Exodus 32 gives us real clarity around how God sees sin. And it is a pretty strong response. Moses has been up on the mountain with God. He’s been given the commandments written on stone. But while he’s been away, the people have become restless and pressed Aaron to make them a god. “As for this Moses, the man who brought us up out of the land of Egypt, we do not know what has become of him”. It didn’t take long for them to get off track. We tend to wander if we are not being very intentional in our focus on God. The world pulls us away, and we have a very real enemy who is out to destroy us.
God is not pleased and tells Moses to “Go down, for your people, whom you brought up out of the land of Egypt, have corrupted themselves”. Left without the right leadership, the people go off the rails. And God is furious. “I have seen this people, and behold, it is a stiff-necked people. Now therefore let me alone, that my wrath may burn hot against them and I may consume them, in order that I may make a great nation of you”. God is going to wipe them out and start again with Moses to build a great nation. “But Moses implored the Lord his God…. Turn from your burning anger and relent from this disaster against your people”.
This is what intercession looks like. Moses gets in the middle between God and the people. He stands in the gap for them, even though they are sinners who deserve what God wants to do. It isn’t that Moses condoned their actions because “as soon as he came near the camp and saw the calf and the dancing, Moses’ anger burned hot, and he threw the tablets out of his hands and broke them at the foot of the mountain”. He was ticked off too. But he begins by calling out his brother who had been left in charge. “What did this people do to you that you have brought such a great sin upon them”? How could you let this happen Aaron? But it did and Moses knows that “Aaron had let them break loose”. Lack of leadership allows the troops to go astray.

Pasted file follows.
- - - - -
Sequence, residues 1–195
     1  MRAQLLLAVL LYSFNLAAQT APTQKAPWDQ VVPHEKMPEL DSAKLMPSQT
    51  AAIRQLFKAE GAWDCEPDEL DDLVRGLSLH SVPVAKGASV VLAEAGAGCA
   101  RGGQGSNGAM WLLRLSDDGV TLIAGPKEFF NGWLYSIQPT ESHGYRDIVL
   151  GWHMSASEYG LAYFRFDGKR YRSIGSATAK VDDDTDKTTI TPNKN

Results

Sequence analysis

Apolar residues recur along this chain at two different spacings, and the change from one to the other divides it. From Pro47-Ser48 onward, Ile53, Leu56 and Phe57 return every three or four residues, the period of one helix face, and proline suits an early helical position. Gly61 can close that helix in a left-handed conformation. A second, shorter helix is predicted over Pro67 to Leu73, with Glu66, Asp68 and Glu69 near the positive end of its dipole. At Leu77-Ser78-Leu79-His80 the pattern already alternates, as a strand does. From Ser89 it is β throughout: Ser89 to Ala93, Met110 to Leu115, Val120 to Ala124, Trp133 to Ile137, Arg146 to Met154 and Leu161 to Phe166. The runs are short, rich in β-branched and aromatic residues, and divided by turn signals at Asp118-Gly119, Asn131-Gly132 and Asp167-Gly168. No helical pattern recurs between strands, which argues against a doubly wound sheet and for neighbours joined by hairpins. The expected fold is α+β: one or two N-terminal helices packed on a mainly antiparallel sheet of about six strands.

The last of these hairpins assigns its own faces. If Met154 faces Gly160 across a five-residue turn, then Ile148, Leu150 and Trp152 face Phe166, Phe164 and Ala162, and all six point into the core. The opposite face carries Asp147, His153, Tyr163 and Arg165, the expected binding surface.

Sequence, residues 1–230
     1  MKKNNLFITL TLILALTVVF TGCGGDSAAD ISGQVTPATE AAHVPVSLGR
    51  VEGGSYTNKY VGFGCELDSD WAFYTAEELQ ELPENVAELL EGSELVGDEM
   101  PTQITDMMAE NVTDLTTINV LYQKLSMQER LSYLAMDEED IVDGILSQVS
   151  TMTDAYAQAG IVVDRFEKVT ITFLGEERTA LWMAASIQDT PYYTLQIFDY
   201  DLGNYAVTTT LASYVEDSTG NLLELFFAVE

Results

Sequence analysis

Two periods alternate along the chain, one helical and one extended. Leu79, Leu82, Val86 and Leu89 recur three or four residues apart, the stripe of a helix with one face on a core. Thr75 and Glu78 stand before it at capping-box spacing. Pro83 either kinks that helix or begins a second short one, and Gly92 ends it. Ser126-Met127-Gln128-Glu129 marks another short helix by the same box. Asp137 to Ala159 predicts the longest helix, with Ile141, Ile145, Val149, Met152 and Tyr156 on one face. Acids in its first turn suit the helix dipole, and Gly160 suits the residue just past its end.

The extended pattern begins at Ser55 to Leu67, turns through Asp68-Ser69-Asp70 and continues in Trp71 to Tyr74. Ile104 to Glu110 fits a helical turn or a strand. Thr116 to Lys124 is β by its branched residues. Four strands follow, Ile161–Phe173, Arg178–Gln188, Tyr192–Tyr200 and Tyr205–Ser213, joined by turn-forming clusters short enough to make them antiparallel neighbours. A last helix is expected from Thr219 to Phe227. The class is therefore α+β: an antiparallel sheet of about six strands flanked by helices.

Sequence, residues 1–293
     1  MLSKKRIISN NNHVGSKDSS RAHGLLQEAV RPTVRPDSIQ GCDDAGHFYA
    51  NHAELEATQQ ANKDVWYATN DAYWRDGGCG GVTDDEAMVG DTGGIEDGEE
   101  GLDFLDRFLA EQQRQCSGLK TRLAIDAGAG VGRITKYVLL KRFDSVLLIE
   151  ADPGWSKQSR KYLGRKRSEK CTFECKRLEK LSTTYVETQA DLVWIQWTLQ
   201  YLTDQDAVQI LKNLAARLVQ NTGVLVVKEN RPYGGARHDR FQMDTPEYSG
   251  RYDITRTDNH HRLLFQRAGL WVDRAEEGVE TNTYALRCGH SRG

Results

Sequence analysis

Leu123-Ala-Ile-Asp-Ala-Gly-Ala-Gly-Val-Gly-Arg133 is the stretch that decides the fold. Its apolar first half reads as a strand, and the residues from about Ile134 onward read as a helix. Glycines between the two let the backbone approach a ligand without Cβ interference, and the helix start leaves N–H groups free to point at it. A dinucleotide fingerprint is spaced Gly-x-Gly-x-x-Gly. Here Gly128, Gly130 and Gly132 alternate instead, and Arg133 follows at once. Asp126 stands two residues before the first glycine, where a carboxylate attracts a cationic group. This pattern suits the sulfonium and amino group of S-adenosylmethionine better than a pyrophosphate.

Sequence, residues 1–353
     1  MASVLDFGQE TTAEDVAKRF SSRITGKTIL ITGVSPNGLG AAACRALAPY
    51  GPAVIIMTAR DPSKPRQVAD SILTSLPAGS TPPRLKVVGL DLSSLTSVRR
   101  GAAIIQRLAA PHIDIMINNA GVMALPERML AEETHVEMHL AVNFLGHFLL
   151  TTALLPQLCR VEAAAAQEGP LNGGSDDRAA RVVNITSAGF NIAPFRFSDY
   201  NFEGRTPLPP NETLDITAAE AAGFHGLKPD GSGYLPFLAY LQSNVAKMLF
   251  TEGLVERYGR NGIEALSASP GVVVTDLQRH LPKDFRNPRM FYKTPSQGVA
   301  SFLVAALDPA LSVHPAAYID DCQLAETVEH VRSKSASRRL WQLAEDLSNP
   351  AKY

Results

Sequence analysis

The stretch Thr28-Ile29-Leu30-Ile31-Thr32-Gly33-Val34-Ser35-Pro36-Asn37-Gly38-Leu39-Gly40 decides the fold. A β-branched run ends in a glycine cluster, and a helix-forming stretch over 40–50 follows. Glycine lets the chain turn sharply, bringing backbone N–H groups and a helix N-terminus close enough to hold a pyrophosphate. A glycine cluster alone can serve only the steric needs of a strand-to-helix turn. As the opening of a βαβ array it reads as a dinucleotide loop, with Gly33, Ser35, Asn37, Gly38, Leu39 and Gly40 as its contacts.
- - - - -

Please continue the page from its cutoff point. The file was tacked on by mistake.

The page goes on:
Moses knows he has to take swift action to make a strong statement that this is not acceptable. He calls together all who are loyal to the true God and tells them to “Put your sword on your side each of you, and go to and fro from gate to gate throughout the camp, and each of you kill his brother and his companion and his neighbor….three thousand men of the people fell”. That was a pretty personal request – for these priests to go and kill their own for sinning. But Moses knows how seriously God takes sin. He can’t allow it to be a cancer for his people.
Moses also knows that God is burning hot and he goes to work at correcting the situation. So Moses goes back up the mountain and says “this people have sinned a great sin….But now, if you will forgive their sin – but if not, please blot me out of your book that you have written”. Moses again intercedes fro the people. He doesn’t deny what they have done. He doesn’t try to downplay the importance. He doesn’t give excuses for their action. He stands between them and God and offers himself as the price for their sin. That is what true intercession looks like – we stand between God and the sin of another offering self in their place. Sacrificial love and leadership at its finest. God postpones the punishment and tells Moses to “go, lead the people to the place about which I have spoken to you”. It isn’t over, but Moses needs to get on with leading.